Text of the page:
With insufficient numbers of bachelors attesting for the Derby Scheme to be workable, and the French Army in dire need of relief, a Military Service Bill was introduced in January 1916, providing for the conscription of single men aged 18–41; in May conscription was extended to married men. Calculating for the whole of the war, conscripts made up a majority of British serving soldiers. The government pledged not to send teenagers to serve in the front line. Ireland, (which was part of the United Kingdom at the time), was excluded from the scheme (later proposals to introduce conscription in Ireland led to widespread support for Sinn Féin and independence). Conscription, however, had little impact on enlistment. The number continued to decline towards 40,000 a month, as essential men were needed for war work and the poor health of many others remained, even as the requirements were progressively reduced. From 1.28 million enlisting in 1915, this had fallen to 1.19 million for 1916 and fell to around 820,000 for 1917. The healthy manpower was simply not there — in 1917–18 only 36% of men examined were suitable for full military duties, 40% were either totally unfit or were classified as unable to undergo physical exertion. In 1918, the British Army was actually smaller than in 1917 (3.84 million to 3.9 million) and almost half the infantry was nineteen or younger.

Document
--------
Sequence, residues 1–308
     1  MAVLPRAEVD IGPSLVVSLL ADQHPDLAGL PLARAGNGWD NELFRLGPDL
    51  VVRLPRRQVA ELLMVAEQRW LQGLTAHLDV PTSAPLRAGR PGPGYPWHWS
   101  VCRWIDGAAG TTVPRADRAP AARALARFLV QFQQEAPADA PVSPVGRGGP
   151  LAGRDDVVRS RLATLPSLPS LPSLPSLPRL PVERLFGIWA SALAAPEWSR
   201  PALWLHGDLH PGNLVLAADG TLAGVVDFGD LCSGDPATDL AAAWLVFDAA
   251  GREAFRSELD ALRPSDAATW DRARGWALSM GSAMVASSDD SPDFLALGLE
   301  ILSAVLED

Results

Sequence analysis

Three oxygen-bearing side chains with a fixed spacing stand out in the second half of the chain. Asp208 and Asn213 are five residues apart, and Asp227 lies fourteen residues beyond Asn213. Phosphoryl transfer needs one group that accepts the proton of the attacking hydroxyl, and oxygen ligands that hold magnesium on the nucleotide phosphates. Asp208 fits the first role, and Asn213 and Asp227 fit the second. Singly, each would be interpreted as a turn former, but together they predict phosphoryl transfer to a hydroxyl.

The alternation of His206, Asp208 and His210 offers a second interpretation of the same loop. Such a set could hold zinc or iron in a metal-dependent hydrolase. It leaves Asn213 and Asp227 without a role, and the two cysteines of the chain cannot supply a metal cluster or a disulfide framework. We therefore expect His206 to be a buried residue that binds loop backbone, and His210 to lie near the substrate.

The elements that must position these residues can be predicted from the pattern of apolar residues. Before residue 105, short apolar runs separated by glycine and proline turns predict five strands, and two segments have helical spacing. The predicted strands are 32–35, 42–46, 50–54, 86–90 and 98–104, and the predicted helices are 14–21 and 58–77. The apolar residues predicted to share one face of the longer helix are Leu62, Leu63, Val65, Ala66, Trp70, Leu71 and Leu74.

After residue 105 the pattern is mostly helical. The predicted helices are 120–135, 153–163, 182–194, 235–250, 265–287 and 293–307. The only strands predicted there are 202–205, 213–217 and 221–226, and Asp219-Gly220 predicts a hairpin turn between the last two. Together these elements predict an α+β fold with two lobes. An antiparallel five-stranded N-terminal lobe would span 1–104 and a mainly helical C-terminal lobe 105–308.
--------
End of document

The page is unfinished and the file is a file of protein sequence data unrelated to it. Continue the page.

Men who were due to be called up for military service were able to appeal against their conscription; they or their employers could appeal to a local Military Service Tribunal in their town or district. These appeals could be made on the grounds of work of national importance, business or domestic hardship, medical unfitness, and conscientious objection. A very large number of men appealed: by the end of June 1916, 748,587 men had appealed to tribunals. Over the same period around 770,000 men joined the army. Most men were given some kind of exemption, usually temporary (between a few weeks and six months) or conditional on their situation at work or home remaining serious enough to warrant their retention at home. In October 1.12 million men nationally held tribunal exemption or had cases pending, by May 1917 this had fallen to 780,000 exempt and 110,000 pending. At this point there were also 1.8 million men with exemptions granted by the government (for example, those working in war industries); combined these exemptions covered more men than were serving overseas with the British Army. Some men gained exemption on the condition that they joined the Volunteer Training Corps for part-time training and home defence duties; by February 1918, 101,000 men had been directed to the Corps by the tribunals.